Fluency and Comprehension – The Bridge Over the Reading Gap revisited (Part 3)

May 6, 2020 | Teaching Struggling Readers, Whole School Literacy | 0 comments

Following up the long list of questions from our researched Home presentation on 30 April 2020, we are providing more detailed answers in a series of short blogs about different aspects of the topic.

Fluency and Comprehension

What are your best tips for helping pupils with their fluency of reading?

There are important distinctions to be made in the way that the term ‘fluency’ is used. Commonly, especially in the US, fluency refers to smooth, expressive reading aloud, showing a clear understanding of the text.

Fluency is also used as a measure of sheer speed, whether of single words or connected prose. And finally, fluency can be used to describe automatic word recognition which allows written language to be processed at about the same speed as spoken language. This short video clip by Jan Hasbrouck outlines why this last issue is so important – namely, fluency aids comprehension.

If the goal of reading is comprehension (and it is), then fluency has an important part to play. Many reading interventions do not address this issue, or do so with insufficient rigour. For an indication of the levels of fluency required to guarantee automatic word recognition, this list by Precision Teacher exponent Rick Kubina is revealing. For example, Year 10 students should be able to read connected prose aloud at 180-200 words per minute. For silent reading, neuroscientist Stanislas Dehaene has found that fluent readers can process 300 words per minute.

If fluency is so important, how do we foster it?

The first step is to make sure that all students read a lot. As teachers we don’t have a lot of control over what students do at home, so it makes sense to ensure that a substantial amount of reading happens when we have them in lessons. We encourage schools to follow the Michaela policy of reading 800 words per lesson in every lesson. This post outlines some different ways that teachers can approach such reading that make it less daunting for struggling readers. Building the quantity of reading experience that students have will accumulate significant gains over time, including how freely and fluently they read.

The second point is that fluency building exercises do not need to be time consuming. Research on fluency teaching shows that practice should be short, daily, timed and carefully sequenced. For example, students can time each other reading lists of known words for one minute each. They can then chart their own progress and the teacher can check their charts later. The entire exercise can become a five-minute routine within the regular lesson.

It is important that teachers are familiar with every student’s reading, and to ensure that weaker readers have the opportunity to read individually to the teacher at least once per week. This will enable the teacher to know which students are likely to need more support, and to allocate them either a reading buddy who can work with them on short exercises like those above, or a trained staff member who can work in the same way.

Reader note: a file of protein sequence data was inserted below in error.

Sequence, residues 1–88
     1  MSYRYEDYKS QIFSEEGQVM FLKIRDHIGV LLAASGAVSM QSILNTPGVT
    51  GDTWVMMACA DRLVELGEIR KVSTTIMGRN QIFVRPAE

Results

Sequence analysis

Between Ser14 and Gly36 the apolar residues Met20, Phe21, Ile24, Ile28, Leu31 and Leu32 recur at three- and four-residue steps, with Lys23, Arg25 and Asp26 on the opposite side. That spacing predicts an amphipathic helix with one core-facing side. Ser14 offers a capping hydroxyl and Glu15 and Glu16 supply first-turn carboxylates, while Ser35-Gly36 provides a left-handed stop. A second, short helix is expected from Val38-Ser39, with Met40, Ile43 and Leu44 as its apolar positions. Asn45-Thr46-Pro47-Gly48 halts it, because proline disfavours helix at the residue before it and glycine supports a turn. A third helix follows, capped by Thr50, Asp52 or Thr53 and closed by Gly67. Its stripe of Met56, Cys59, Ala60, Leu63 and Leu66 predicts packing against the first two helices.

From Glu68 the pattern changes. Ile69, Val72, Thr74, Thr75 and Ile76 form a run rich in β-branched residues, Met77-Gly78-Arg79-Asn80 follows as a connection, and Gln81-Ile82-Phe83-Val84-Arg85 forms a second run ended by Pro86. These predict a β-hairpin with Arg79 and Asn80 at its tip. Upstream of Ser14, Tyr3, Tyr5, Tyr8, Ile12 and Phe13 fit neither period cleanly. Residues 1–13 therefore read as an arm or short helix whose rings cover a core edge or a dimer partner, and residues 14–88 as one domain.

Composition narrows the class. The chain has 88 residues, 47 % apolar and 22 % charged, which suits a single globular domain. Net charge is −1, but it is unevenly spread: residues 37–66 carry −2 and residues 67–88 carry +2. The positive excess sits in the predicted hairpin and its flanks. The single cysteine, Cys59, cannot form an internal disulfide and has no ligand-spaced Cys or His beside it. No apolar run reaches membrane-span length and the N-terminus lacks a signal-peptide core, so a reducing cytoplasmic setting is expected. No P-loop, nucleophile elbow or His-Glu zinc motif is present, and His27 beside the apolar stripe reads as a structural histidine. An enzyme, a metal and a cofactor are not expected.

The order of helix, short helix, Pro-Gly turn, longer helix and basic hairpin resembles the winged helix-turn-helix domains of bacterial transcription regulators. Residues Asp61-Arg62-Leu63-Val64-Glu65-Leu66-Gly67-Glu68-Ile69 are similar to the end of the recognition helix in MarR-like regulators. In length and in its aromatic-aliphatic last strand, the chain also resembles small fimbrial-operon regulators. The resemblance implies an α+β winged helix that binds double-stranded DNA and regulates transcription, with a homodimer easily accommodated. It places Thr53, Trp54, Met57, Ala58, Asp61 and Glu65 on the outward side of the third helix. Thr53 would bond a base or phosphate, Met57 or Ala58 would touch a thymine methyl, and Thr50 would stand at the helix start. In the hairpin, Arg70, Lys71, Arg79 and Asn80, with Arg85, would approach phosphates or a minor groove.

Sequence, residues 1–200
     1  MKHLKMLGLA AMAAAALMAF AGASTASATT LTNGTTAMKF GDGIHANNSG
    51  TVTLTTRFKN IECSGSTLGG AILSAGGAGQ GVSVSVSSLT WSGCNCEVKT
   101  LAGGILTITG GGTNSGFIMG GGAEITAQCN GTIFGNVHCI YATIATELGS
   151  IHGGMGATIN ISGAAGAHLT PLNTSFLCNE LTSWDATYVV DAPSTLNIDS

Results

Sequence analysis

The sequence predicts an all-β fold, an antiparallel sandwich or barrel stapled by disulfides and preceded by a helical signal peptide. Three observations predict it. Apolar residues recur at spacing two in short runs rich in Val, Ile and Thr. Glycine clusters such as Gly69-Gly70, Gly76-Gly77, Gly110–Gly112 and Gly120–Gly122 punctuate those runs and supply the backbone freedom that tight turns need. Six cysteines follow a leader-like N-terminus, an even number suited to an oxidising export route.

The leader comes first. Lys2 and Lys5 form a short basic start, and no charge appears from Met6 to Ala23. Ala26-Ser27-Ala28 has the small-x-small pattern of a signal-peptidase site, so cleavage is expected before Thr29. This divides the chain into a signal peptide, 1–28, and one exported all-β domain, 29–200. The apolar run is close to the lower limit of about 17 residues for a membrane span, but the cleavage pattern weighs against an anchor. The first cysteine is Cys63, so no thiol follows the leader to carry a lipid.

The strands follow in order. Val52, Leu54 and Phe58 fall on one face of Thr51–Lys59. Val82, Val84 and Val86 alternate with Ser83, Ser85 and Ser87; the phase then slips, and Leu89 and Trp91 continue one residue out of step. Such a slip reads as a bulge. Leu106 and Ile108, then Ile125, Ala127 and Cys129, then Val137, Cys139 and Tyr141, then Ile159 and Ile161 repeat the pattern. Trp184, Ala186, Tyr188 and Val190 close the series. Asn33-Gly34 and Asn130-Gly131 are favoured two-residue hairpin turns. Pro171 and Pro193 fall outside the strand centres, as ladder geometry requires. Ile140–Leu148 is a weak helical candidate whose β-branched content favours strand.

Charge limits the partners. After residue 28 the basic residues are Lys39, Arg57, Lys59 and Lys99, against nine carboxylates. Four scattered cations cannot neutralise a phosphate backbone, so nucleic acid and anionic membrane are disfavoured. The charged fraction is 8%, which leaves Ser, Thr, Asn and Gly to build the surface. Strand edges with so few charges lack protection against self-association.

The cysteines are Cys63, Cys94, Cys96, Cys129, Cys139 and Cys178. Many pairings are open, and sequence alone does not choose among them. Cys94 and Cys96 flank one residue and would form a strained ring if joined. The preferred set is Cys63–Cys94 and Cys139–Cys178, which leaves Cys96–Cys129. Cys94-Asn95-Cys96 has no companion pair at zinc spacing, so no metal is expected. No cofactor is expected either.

NB: We cannot expect students to read a word fluently until they can read it accurately and reliably. Don’t put the cart before the horse!

 How do you deal with students who can read fluently (in English) but cannot explain what they read due to lack of comprehension skills (referring to higher order thinking skills)?

When students can decode words fluently, but have difficulty working out the meaning of what they have read, they fall into a group known as ‘hyperlexics’. Such students are likely to have difficulties with processing language, and this may be evident in a narrow vocabulary, difficulty in understanding and following instructions, limited expressive language and difficulty in following reasoning and argument. The extent of the difficulty should guide whether the student can helped by general classroom instruction, small group instruction or one-to-one support, for example with a speech language therapist. (Note: if you have access to a speech language therapist, foster that relationship. SLTs are the reading teacher’s best friend.)

In the general classroom, attention to explicit teaching of vocabulary (as in the previous post) and to teaching reasoning and inference are likely to be of most benefit for time cost. This post has a number of recommendations for teaching comprehensions skills in the classroom.

For small group instruction, we recommend Direct Instruction Corrective Reading: Comprehension. There is a free placement test which you can download to work out which resources to use with your target students. The programme is carefully designed to expose faulty reasoning strategies and to correct them. The teaching is designed to foster auditory memory, which is essential for language processing.

The comments above apply to proficient speakers of English. We will deal with comprehension problems in students who have English as an additional language in a separate post.

Tip: Check to ensure that your students can infer logical implications. For example, what does the statement ‘I got up at 7 o’clock’ imply about where I was before 7 o’clock?

Next up: Effective intervention

You may also be interested in:

Assessment – Bridging the Reading Gap revisited (Part 1)

In-class Support – Bridging the Reading Gap revisited (Part 2)

What Does Mastery Really Look Like?

Seven Steps to Improving Comprehension

Pulling the Strands Together


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